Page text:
Take another look at wireless charging

The convenience and utility of wireless charging is becoming hard to ignore

The market for delivering power wirelessly over short distances is potentially huge.

The most obvious application is wirelessly charging smartphones. We depend on our smartphones to work all day long. The need to charge them when their batteries are low is a fact of life, but connecting a wired charger is not always convenient or even possible. There are wireless charging pads for the home and office, and wireless charging docks for automobiles, and we are just starting to see wireless charging spots in coffee shops, restaurants, hotels, and airports.

In an ideal world, we wouldn’t even have to think about charging our mobile devices. Infrastructure embedded in the environment would automatically detect our devices, check their battery status, and charge them as needed. This concept is not as far-fetched as it might sound. Such infrastructure has been developed and is starting to be deployed. However, there still isn’t universal support for wireless charging in smartphones, laptops, and wearables.

(There is also another solution that doesn’t require a power outlet. A portable cell phone charger, such as the Flux, can fast-charge a smartphone. However, it’s an additional item to carry around and must also be recharged.)

Vertical and horizontal markets

How might wireless charging achieve broader acceptance? New technology solutions often succeed first in vertical markets. Business customers are willing to invest heavily in new technology if it solves a major problem or gives them a competitive advantage. That gives developers time to refine their solutions and squeeze out costs.

For instance, mobile robots are being used to automate warehouses and drones are being used to conduct dangerous inspections. However, to operate for long periods, robots and drones must periodically recharge their batteries. Wireless technology avoids the need for a physical connection so that recharging can be performed autonomously.

The use of IoT devices in factories presents an exciting opportunity. It’s not practical to run wires to hundreds of sensors scattered around a factory--particularly when many are attached to moving assemblies. Nor is it advisable to equip sensors exposed to heat or vibration with batteries. Seattle-based Ossia has developed wireless technology for powering sensors at a distance.

Pittsburgh-based Powercast has developed wireless power solutions for particularly challenging applications. For instance, large-scale cooking operations need to determine when meat has reached the desired internal temperature without opening the ovens prematurely and letting heat escape. Temperature sensors inserted into the meat can be queried wirelessly. Similarly, perishable drugs must be kept cool during shipment. Wireless power can be used to activate and read a temperature sensor inside the box without breaking the insulation and letting in warm air.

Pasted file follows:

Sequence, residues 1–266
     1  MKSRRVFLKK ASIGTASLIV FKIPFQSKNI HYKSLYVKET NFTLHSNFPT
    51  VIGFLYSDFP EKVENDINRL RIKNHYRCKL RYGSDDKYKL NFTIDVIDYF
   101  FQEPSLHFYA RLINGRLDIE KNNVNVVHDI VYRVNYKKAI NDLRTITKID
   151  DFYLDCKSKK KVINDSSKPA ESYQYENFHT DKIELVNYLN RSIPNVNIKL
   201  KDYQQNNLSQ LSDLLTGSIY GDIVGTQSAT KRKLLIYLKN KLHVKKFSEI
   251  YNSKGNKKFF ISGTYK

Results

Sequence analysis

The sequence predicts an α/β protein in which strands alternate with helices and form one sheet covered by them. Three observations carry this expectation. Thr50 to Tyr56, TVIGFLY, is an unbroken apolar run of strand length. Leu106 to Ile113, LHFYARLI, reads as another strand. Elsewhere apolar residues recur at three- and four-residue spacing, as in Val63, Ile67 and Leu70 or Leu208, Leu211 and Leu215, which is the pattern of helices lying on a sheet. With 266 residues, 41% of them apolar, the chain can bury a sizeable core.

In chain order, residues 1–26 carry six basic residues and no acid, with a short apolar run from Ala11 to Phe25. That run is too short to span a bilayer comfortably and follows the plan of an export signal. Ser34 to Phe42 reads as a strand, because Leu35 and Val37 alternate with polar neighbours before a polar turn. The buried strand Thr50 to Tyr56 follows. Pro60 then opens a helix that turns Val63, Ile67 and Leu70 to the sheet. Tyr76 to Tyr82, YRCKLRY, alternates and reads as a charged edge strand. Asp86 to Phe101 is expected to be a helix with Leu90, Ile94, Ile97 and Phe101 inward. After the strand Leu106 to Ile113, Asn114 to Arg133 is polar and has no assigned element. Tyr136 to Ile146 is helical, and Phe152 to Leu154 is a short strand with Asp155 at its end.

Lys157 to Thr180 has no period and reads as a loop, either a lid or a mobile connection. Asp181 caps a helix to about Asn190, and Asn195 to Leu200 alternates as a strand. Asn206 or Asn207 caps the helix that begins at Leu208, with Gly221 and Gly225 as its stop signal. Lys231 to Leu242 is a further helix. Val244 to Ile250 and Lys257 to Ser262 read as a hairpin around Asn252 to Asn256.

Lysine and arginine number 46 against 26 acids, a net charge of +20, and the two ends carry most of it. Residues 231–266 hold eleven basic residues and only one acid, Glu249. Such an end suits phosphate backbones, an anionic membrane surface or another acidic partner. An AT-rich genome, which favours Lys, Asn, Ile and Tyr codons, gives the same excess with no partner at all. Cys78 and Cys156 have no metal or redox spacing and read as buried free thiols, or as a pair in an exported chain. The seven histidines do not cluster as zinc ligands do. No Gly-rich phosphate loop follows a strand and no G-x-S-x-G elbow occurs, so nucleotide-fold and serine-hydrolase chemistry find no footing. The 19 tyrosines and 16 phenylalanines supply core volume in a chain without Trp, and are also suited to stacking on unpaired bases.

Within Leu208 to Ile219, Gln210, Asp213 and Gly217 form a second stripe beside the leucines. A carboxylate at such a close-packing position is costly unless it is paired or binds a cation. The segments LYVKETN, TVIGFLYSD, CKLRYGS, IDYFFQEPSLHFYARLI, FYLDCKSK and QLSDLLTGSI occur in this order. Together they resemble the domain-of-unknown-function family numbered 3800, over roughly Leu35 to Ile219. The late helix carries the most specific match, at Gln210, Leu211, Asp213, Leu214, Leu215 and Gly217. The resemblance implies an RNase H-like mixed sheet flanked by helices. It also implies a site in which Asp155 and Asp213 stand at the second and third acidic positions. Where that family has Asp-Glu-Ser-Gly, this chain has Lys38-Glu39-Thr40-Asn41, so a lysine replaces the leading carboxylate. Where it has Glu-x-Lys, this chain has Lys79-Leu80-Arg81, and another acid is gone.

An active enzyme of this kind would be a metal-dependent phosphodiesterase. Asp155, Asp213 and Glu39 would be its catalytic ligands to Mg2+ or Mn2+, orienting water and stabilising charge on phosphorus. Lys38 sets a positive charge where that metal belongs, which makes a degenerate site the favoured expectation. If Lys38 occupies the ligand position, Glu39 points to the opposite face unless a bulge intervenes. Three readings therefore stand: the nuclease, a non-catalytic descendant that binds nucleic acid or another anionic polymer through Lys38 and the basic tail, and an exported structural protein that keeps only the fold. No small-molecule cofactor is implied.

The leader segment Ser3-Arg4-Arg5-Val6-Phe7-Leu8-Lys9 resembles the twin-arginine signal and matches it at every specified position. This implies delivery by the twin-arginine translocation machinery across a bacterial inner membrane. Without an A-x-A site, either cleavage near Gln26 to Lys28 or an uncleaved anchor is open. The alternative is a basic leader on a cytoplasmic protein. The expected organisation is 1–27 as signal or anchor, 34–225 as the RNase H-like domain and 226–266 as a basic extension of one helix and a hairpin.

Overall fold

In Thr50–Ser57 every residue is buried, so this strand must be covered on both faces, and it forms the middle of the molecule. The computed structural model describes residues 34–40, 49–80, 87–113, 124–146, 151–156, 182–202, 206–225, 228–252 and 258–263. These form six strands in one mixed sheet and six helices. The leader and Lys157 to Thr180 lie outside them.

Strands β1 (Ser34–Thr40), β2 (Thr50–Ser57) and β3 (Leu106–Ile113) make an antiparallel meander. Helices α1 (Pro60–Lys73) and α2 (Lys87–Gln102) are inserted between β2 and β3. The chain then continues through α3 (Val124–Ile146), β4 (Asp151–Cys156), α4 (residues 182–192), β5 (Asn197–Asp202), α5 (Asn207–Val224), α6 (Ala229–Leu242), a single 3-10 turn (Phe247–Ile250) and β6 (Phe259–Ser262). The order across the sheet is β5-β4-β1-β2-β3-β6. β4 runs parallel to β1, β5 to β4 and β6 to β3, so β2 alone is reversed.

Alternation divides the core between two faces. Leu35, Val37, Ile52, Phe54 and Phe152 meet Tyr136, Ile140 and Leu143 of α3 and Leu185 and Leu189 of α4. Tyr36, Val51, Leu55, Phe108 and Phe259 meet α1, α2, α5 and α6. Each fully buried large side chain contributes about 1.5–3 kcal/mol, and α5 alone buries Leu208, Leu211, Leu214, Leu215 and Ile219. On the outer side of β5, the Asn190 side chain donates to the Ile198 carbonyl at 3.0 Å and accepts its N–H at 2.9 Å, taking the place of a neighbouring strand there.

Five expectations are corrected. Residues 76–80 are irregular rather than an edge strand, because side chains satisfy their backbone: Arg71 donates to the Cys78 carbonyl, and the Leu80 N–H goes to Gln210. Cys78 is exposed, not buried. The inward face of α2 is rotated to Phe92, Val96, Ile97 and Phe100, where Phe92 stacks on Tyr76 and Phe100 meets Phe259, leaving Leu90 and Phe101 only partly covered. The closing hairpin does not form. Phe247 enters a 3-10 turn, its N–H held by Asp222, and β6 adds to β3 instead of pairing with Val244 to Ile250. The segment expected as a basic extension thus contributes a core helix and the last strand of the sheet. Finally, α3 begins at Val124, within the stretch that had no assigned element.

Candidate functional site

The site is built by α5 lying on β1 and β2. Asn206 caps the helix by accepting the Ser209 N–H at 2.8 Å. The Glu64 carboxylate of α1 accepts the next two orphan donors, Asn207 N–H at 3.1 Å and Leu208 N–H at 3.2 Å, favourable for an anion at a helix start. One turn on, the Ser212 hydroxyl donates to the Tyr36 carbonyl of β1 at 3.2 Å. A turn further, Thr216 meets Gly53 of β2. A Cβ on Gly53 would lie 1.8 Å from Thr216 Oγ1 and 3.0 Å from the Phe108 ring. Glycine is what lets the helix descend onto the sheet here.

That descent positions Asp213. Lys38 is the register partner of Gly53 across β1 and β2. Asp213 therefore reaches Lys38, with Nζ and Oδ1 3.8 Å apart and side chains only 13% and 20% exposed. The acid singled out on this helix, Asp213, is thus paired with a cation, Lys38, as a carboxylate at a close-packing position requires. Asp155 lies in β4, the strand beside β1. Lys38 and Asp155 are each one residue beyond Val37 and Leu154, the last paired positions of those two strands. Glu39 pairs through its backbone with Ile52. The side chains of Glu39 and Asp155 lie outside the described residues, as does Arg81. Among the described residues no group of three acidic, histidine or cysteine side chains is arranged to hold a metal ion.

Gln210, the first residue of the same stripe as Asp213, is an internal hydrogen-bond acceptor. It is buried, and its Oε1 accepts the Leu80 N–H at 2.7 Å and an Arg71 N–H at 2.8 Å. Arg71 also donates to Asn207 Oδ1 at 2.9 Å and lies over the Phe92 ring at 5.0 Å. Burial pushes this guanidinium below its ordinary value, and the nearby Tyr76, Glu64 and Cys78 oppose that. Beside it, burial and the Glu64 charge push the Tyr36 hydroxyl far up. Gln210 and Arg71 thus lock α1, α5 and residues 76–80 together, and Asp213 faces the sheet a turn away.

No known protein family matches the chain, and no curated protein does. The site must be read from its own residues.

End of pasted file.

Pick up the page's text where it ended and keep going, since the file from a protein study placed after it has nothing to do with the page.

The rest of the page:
Office hoteling and business travel are two major horizontal markets for wireless charging. An employee who spends most of his or her time in the field can reserve an office and use wireless to access a desktop display, the local area network, and a charging pad. Likewise, business travelers will no longer need to carry chargers and power cables when wireless charging becomes a standard amenity at coffee shops, airports, and hotels. Powermat has begun deploying wireless charging infrastructure and to date has hundreds of locations in 11 states across the U.S.

Different flavors of wireless power

In theory, there are several technologies for delivering power wirelessly. However, most of the business activity is focused on two technologies: magnetic induction and radio waves.

Inductive wireless charging is already in wide use. The transmitter’s coil generates a magnetic field that induces a current in the nearby receiver’s coil. Electric toothbrushes use inductive charging: You can only place the toothbrush on the stand one way, and it ensures the two coils are right next to each. Powermat, the company that has begun deploying wireless charging infrastructure across the U.S., uses inductive wireless charging.